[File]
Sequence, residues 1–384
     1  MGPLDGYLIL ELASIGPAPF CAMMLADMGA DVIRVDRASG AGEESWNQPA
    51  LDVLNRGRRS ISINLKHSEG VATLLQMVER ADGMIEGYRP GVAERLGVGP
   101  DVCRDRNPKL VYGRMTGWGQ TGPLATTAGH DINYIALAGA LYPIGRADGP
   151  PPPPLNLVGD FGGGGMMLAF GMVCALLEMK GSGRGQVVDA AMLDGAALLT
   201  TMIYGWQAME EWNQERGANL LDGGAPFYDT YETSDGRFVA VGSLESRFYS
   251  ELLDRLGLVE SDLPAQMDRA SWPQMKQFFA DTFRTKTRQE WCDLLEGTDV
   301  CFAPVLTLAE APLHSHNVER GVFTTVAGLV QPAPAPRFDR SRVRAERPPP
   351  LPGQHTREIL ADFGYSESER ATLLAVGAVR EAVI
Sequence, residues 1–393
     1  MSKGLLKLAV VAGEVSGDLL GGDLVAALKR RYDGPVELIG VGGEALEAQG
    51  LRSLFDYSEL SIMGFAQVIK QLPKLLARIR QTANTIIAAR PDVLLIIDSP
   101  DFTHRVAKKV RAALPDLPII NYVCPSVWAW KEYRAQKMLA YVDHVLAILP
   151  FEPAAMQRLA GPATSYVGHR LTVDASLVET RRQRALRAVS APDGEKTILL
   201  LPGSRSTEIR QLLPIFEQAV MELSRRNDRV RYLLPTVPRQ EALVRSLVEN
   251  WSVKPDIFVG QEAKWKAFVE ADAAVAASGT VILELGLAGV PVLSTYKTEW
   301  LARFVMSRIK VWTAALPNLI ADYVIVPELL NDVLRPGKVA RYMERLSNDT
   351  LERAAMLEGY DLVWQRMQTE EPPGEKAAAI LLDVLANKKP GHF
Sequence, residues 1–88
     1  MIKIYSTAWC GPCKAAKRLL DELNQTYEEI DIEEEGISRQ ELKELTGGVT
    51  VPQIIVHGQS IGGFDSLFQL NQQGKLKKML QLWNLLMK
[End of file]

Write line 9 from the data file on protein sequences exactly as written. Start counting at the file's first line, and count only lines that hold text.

   351  LPGQHTREIL ADFGYSESER ATLLAVGAVR EAVI